Ancient Egyptian Grammar 101

I have been involved in ancient Egyptian religion for a very long time. I fell in love with everything about that culture in my ancient history class in the 7th grade. That love has never waned. Along with the culture and history, I have studied the hieroglyphs on and off for about 25 years. I am by no means a master of any of the above.

However, there is one thing drives me into absolute fits. Those that make these faux pas clearly indicate those who grasp the concept of the religion, and those that just sort of use it as an overlay to what they think they already know about the subject.

The Ancient Kemetic / Egyptian word for God is Netjer Ntr). The plural of that is Netjeru (Ntrw). When people use the words, “The Netjer” or “The Netjers”, I feel myself start to grind my teeth. The Ancient Egyptians believed in the One and the Many, the Many in the One. Isis and Ra and Osiris and the Aten all were a part of a concept of an unfathomable, unknowable ‘ONE’ and was referred to as Netjer. It is sort of like the ancient Hindu concept of Brahman. Each of Them in and of Themselves is indeed Netjer – and each of Them also feeds into that Whole. They are both individual and separate.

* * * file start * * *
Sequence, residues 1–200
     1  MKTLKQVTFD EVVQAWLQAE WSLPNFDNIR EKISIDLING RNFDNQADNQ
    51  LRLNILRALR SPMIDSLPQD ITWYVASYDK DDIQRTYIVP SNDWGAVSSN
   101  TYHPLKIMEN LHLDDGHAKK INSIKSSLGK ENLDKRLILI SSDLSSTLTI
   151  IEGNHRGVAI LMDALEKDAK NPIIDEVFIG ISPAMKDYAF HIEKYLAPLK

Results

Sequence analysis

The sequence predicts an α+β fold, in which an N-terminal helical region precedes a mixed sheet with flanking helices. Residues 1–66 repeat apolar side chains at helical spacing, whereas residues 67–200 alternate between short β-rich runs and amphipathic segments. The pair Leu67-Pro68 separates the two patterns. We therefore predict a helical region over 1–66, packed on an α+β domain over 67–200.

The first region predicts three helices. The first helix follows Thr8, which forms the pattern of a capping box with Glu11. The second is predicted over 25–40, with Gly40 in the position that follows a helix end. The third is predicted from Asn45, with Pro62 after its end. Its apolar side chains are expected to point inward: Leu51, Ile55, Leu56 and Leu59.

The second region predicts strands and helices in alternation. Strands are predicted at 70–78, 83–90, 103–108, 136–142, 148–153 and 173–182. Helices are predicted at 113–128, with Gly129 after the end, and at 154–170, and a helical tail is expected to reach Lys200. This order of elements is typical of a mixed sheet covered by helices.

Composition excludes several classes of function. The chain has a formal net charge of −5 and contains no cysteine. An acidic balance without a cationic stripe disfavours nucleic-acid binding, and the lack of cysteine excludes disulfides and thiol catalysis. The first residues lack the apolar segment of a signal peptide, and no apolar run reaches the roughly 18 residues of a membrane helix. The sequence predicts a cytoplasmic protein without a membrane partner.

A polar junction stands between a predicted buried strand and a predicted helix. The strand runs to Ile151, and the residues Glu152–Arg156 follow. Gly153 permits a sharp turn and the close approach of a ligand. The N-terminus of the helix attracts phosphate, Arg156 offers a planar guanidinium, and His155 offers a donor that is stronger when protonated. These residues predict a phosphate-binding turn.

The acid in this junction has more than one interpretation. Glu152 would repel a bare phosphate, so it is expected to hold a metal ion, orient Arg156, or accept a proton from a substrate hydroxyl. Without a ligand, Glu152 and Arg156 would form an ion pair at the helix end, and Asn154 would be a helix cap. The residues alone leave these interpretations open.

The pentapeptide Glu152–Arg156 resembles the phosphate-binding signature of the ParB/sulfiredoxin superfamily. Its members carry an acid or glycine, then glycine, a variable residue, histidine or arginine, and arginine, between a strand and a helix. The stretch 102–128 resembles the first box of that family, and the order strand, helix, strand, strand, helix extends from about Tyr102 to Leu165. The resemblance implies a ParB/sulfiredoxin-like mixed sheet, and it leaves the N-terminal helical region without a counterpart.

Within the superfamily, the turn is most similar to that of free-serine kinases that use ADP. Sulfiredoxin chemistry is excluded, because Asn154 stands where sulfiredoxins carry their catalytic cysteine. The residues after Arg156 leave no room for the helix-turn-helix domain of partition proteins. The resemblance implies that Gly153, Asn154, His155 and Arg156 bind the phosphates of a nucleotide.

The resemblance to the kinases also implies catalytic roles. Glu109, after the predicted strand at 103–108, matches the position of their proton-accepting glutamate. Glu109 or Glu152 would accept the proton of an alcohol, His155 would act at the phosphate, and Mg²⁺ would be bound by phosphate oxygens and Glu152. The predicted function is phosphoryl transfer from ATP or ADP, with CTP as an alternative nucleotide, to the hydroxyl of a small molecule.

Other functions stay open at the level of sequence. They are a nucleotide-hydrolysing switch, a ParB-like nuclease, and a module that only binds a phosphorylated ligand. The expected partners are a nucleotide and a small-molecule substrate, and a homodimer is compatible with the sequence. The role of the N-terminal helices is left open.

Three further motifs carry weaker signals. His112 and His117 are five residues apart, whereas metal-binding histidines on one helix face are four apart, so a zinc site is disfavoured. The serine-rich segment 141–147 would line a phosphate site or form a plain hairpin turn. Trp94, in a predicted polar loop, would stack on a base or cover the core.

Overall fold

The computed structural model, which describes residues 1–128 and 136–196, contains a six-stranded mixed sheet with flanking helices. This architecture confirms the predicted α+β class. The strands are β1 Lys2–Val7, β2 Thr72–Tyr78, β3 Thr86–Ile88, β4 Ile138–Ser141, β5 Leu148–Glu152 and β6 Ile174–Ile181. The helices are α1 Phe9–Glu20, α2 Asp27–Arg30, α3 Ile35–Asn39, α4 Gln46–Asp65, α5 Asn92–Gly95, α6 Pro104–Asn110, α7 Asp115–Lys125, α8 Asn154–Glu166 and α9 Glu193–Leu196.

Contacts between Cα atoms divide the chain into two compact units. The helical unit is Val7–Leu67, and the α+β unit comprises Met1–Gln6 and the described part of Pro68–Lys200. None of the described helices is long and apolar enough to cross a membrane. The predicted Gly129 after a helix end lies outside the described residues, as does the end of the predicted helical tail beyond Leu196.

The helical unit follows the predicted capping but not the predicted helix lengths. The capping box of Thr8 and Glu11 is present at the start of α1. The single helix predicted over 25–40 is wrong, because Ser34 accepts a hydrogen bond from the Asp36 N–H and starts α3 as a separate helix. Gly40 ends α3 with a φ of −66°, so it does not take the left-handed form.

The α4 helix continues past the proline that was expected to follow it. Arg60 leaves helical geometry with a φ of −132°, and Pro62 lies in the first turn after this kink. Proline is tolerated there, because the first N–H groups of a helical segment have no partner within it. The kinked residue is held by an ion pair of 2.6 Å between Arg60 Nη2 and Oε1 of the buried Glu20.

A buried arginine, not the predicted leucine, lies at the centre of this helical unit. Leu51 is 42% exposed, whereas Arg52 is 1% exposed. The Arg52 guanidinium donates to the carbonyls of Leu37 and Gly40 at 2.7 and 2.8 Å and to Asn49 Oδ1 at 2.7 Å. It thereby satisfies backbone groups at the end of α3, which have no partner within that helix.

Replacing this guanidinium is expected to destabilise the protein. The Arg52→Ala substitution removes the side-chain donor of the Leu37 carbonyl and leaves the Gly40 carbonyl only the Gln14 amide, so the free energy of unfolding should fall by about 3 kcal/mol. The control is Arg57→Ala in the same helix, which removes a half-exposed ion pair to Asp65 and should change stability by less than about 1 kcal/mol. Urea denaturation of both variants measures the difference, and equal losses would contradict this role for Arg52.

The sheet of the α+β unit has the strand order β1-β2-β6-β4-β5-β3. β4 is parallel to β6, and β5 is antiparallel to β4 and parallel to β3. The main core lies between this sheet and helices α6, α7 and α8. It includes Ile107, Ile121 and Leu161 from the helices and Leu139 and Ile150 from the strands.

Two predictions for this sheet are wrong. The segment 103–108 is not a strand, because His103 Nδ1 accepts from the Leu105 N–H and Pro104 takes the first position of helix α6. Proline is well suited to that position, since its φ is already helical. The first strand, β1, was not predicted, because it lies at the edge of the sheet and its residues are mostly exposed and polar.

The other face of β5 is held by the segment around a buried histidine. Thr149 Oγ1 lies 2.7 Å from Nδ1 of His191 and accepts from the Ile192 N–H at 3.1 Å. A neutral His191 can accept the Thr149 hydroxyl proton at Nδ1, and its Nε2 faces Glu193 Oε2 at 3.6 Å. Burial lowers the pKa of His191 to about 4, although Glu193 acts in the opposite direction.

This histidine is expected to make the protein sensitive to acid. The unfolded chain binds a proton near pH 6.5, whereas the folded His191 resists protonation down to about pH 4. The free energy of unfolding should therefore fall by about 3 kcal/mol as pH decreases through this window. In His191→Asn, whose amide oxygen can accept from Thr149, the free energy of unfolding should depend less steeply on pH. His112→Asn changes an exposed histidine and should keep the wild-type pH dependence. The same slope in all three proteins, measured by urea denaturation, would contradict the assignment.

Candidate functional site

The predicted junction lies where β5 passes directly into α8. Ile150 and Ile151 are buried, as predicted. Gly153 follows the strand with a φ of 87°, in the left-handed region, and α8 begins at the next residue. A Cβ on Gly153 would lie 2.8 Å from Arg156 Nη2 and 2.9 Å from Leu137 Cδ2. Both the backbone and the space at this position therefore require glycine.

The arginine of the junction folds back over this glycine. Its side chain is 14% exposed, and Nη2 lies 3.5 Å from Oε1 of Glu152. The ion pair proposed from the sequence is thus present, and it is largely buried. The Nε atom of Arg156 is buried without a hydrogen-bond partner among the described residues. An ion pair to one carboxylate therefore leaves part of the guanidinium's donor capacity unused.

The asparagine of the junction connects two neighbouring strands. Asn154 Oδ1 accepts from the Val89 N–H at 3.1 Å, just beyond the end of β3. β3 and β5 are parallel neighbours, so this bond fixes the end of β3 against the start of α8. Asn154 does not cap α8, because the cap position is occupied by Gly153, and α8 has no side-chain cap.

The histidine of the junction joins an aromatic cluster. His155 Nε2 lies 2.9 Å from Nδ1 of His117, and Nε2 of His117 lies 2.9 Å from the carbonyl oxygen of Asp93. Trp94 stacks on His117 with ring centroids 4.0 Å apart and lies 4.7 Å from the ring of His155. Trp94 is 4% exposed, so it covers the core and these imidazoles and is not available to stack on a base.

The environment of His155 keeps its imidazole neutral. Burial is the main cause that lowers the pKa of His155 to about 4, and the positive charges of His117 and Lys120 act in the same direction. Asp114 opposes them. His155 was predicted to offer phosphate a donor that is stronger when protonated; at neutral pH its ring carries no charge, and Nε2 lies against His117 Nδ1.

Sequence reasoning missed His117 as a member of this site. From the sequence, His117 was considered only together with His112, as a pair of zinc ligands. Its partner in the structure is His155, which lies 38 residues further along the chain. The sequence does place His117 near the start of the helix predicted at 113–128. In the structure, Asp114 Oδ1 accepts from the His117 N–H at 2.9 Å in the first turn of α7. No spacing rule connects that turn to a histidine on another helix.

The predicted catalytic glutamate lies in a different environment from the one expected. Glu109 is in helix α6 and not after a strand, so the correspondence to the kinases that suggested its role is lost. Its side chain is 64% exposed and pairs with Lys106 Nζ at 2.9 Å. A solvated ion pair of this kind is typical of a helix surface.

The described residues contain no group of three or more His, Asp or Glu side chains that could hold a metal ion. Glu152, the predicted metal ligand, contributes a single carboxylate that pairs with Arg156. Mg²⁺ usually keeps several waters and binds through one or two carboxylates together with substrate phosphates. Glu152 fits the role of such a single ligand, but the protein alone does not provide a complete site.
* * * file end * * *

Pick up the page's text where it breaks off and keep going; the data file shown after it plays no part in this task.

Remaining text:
Are we good so far? Hmmm? Yes? Good.

When someone talks about going into Deity’s presence – or a specific Deity or God’s presence, they do not say, “I went into the sanctuary of the Netjer.” That’s grammatically and theologically incorrect, You would instead say, “I went into Netjer’s presence.” God is God, no matter what Face He or She is wearing, or whether They are clothed in a kilt or a kalisari…or nothing at all! We determine the difference by saying Name of Netjer or referring to Them in plural as The Names, the Netjeru (plural) – which is all inclusive, whether or not you are speaking about the range of Names from 2 all the way up to the 4,000+ Names of Netjer that are known. I am quite sure there are several that have been missed somewhere along the way.

Gender issues with Netjer can get a little trickier. A Female Name of Netjer are sometimes referred to as Netjert or Netjeret. The plural for more than one would again revert back to the word Netjeru or Names of Netjer. Bast is, according to many scholars, and with veru good reason, not really ever called “Bastet. ” This has also been credited back to a translation error in early Egyptology (What a surprise!) The Extra “t” is in fact a female determinative and that extra “t” in that particular Name of Netjer is used to underscore that this Goddess, which was in her earliest form represented by a leonine figure, rather than a domestic-sized cat, Who was in fact a Goddess and not a God. So, whether it’s comfortable or not, techncally, it is simple just “Bast” (Pronounced ‘BAH-st’). That’s it. Nothing more. Believe me, as a Goddess, She does NOT need anything more than that! If you do put any more on te mame and insist on using the word “Bastet’, it really does tend to conjure up images of Josie and the Pussycats or Bast and the Bastets. And no, they will not be opening up in Las Vegas for the Wayne Newton show at the Luxor Hotel.